Diaphragm paralysis and the role for IMT

This presentation took place at the Canadian Physiotherapy Association’s National Congress (June 18-20) where physiotherapists and physiotherapist assistants met up to learn and discuss scientific advances and professional issues and dialogue about challenges and achievements, with colleagues from across the country.

P018: Diaphragm Paralysis – it is Not Always Permanent. The Role for Inspiratory Muscle Training

Judy L. Kay, BScPT, Clinical Specialist, Cardiorespiratory Eastern Health, St. John’s, NL

Diaphragm paralysis associated with phrenic nerve injury can leave patients with an impairment in their breathing, ranging from mild shortness of breath to severe dyspnoea, depending on their circumstances, and it may be temporary or permanent. When the diaphragm becomes impaired, activation in other muscles increases to make up for the loss, yet when phrenic nerve function recovers, diaphragm recruitment doesn’t necessarily automatically dominate again and requires activation. Targeted, progressive diaphragm muscle training can be prescribed effectively for a cross section of patients.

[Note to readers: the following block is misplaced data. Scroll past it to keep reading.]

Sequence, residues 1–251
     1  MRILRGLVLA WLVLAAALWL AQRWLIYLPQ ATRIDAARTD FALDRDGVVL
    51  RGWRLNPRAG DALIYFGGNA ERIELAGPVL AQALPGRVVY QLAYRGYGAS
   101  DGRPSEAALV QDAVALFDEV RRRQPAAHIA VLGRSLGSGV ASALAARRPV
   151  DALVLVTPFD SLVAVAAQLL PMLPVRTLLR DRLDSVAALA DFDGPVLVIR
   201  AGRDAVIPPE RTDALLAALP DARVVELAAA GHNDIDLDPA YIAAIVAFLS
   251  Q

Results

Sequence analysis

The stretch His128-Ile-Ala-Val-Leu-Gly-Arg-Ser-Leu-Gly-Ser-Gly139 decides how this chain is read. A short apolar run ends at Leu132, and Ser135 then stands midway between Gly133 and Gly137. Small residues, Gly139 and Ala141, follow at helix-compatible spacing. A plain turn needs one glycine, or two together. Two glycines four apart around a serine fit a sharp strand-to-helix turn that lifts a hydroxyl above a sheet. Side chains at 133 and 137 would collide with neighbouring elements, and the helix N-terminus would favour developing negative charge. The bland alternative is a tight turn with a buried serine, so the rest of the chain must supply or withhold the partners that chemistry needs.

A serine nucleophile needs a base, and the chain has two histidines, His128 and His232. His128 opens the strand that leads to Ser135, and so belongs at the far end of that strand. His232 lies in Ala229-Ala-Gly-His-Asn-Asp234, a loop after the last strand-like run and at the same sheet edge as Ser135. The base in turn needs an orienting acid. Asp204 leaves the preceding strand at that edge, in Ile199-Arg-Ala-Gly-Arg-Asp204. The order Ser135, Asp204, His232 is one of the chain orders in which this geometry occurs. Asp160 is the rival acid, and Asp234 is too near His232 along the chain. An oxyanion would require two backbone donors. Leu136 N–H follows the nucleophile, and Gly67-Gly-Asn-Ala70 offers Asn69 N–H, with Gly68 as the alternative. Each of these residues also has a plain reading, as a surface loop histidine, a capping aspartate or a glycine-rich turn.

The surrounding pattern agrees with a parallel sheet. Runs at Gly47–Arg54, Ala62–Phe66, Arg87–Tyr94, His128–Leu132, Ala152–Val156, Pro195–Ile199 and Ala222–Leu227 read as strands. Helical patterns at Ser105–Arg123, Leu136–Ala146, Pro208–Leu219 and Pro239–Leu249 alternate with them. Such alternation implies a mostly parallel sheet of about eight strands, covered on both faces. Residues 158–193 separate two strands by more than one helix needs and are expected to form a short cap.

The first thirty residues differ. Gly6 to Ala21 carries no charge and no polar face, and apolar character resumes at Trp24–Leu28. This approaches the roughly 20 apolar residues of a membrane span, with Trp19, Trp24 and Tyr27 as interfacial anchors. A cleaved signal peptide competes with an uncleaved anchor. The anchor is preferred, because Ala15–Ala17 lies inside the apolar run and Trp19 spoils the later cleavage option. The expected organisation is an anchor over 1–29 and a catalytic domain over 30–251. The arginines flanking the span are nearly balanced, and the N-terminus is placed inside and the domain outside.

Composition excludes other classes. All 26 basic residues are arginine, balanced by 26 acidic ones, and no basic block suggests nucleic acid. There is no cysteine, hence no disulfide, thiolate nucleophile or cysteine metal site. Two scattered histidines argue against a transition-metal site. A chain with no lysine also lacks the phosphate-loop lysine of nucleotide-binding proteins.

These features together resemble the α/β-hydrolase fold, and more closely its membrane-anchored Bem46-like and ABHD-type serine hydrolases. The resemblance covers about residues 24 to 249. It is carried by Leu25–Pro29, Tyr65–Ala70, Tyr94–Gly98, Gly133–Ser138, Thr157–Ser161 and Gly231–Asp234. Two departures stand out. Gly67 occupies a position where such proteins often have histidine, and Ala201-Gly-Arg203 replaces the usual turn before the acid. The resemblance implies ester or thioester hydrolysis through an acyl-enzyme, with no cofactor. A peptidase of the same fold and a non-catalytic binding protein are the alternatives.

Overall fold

The intention of this presentation was to:

1. Identify the range of causes of diaphragm paralysis.
2. Complete a physiotherapy specific assessment of diaphragm function.
3. Prescribe an inspiratory muscle training program that can be completed in either an in or outpatient setting.

“IMT is a very important adjunct to the overall management of patients with diaphragm dysfunction in a variety of contexts.”

You can read the presentation here in this extract taken from ‘Abstracts Scientific papers, education sessions to be presented at the June 18–20, 2015 Halifax, Nova Scotia’

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